Previous PageTable Of ContentsNext Page

Solomon, Robert

Des Arc, Arkansas

Age 73

My father was African. I was born in Atlanta. My mother was a Cherokes Indian. Her name was Alice Gamage. I was born in 1864. I don't know where I was born - think it was in the Territory - my father stole my mother one night. He couldn't understand them and he was afraid of her people. He went back to Savannah after so long a time and they was in Florida when I first seen any of her people. When I got up any size I asked my father all about him and my mother marrying. He said he knowed her bout two year fore they married. They sorter courted by signs - my mother learned me her language and it was natural fur me to speak my father's tongue. I talked for them. She was bout fifteen when she run away. I don't know if a preacher ever did marry em or not. My father said she was just so pretty he couldn't help lovin her. He kept makin signs and she made signs. I liked my Gramma Gamage. She couldn't understand much. We all went to the Indian Territory from Florida and Georgia. That's how I come out here.

I don't remember the Ku Klux. I remember hearing ma and gramma talk bout the way they tried to get way from 'em. My father was a farmer till freedom. He farmed around here and at Pine Bluff. He died at West Point. My mother and step-mother both died at Pine Bluff.

They took my mother to her nation in Oklahoma. She was sick a good while and they took her to wait on her. Then come and took her after she died. There show is a fambly. My father had twenty-two in his fambly. My mother had five boys and three girls and me. My stepnother had fourteen more children. That's some fambly aint it? All my brothers and sisters died when I was little and they was little. My father's other children jess somewhar down round Pine Bluff. I guess I'd know em but I aint seed none of them in I don't know how long.

The first work I ever done was sawnilling at Pine Bluff. Then I went down in Louziana, still sawmilling - I followed dat trade five or six years. Den I got to railroading. I was puttin down cross ties and layin' steel. I got to be straw boss at dat. I worked at dat fifteen years. I worked doing that in six different states. That was show fine livin - we carried our train right along to live in. I married and went to farming. Then I come to work at this oil mill here [in Des Arc]. The reason I quit. I didn't quit till it went down and moved off. I aint had nothin much to do since. I been carryin water and wood fur Mrs. Norfleet twenty years and they cooks fur me now. My wife died 'bout a year ago. She been dead a year last January. She was sick a long time fore she died. Well the relief gives me a little to eat, some clothes and I gets $5.00 a month and I takes it and buys my groceries and I takes it up to Mrs. Norfleet's. They says come there and eat. They show is good to me cept I aint able to carry the wood up the steps much no more. It hurt me when I worked at the oil mill. I helped them 'bout the house all the time.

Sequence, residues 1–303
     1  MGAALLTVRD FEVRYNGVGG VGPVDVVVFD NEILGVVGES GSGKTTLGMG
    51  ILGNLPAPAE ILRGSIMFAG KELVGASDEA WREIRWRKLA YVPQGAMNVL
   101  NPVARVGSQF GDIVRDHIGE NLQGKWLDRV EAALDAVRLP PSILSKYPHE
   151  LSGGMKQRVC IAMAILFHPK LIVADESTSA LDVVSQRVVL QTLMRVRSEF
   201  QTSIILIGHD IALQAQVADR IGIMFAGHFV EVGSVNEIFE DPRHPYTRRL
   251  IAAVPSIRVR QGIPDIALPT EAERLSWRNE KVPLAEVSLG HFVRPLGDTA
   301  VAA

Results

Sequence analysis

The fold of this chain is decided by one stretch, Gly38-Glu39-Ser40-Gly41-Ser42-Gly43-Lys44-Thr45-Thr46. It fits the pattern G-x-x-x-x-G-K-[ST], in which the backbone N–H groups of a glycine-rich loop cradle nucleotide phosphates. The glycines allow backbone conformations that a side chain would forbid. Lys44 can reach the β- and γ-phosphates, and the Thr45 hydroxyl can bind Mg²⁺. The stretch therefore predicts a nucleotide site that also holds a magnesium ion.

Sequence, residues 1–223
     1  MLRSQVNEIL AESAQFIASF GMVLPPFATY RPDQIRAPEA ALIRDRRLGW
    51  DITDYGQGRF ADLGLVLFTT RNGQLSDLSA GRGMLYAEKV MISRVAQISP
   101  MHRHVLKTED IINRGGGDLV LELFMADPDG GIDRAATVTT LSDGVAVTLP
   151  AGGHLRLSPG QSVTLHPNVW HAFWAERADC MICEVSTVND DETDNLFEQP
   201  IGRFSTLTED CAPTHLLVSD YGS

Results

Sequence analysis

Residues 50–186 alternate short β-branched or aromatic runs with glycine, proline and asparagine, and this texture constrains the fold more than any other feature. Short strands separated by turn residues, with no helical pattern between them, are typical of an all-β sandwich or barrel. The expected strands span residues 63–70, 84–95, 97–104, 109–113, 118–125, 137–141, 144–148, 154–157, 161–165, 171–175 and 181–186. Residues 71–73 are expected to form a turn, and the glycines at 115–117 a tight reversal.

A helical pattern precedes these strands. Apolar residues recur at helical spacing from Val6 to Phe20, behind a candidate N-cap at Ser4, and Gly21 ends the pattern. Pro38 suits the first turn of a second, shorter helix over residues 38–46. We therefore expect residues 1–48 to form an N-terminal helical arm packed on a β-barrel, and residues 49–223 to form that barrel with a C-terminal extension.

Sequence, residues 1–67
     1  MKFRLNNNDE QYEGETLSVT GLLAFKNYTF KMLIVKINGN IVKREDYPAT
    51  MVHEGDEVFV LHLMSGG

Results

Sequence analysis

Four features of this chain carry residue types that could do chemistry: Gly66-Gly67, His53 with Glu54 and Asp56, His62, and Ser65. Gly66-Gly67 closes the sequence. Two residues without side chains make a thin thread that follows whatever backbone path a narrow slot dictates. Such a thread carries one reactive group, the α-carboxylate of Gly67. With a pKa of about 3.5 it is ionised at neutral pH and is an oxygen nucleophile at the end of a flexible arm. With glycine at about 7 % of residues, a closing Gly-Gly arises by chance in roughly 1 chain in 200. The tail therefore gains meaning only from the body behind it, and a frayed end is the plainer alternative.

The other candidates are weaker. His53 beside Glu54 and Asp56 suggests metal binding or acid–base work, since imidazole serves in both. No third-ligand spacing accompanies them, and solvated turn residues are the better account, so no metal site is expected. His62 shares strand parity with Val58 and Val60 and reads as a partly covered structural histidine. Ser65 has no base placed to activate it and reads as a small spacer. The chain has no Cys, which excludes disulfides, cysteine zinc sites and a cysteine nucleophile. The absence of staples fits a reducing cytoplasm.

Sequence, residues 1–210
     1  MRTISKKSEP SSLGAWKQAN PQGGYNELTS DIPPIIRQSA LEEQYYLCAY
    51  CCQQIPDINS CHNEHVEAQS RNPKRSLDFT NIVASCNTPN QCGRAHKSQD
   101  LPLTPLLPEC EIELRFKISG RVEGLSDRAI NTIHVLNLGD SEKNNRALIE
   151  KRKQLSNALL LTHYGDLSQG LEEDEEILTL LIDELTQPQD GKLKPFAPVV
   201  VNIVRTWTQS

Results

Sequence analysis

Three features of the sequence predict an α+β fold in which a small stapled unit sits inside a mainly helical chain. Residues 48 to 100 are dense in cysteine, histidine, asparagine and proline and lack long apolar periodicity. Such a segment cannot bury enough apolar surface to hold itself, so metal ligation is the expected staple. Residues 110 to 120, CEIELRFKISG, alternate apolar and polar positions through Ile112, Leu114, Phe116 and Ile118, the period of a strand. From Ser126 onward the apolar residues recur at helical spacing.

What I do wid my money I made? I educated my girls. Yes maam I show is got children. One my girls teaches school in St. Louis and do other at Hot Springs. They both went to college at Pine Bluff. I sent em. No'm dey don't help me. They is by my second wife and my first wife live with my son, down close to Star City. Day farm. It's down in Lincoln County. They let me live in this house. It belongs to him. I went to the bank fo it closed and got my money whut I had left. I been livin on it but it give out.

The conditions are all right. They kin make a right smart but everything is so high it don't buy much. Some of 'em say they aint goiner do the hardest work, hot or cold and liftin' for no dollar, a day. Don't nobody work hard as I used to. There's goiner be another war and a lot of them killed - cause people ain't doin right. Some don't treat the others tight. No'm they never did. They used to threaton em and take 'em cut in cars and beat 'em up, just for disputin' their word or not paying 'em and de lack. The white man has cheated a heap because we was ignorant and black. They gamble on the cotton and take might' near all of it for the cheap grub they let out to make de crop on. Conditions are better but a heap of the young black and white too deblish lazy to work. Some of dem get killed out goin' on at their meanness.

I heard of uprisings since the war but I never was 'bout none of them.

I votes the Republican ticket. The last I voted was for Hoover. Sure they have tried to change my way of voting but I ain't goiner change. I ain't heard nothin 'bout no restrictions 'bout votin'.

If a woman wanter vote it's all right. My girs and my boy votes right along. They are all Republicans.

The most money I ever has at one time was $600.00. I did save it. I spent it on my girls' clothes and education. They did go to college at Pine Bluff but they went to the Catholic High School first down at Pine Bluff. No'm they don't help me. They say it's all day can do to get along. They never have told me how much they make.

Interviewer Mrs. Bernice Bowden"

Top Of Page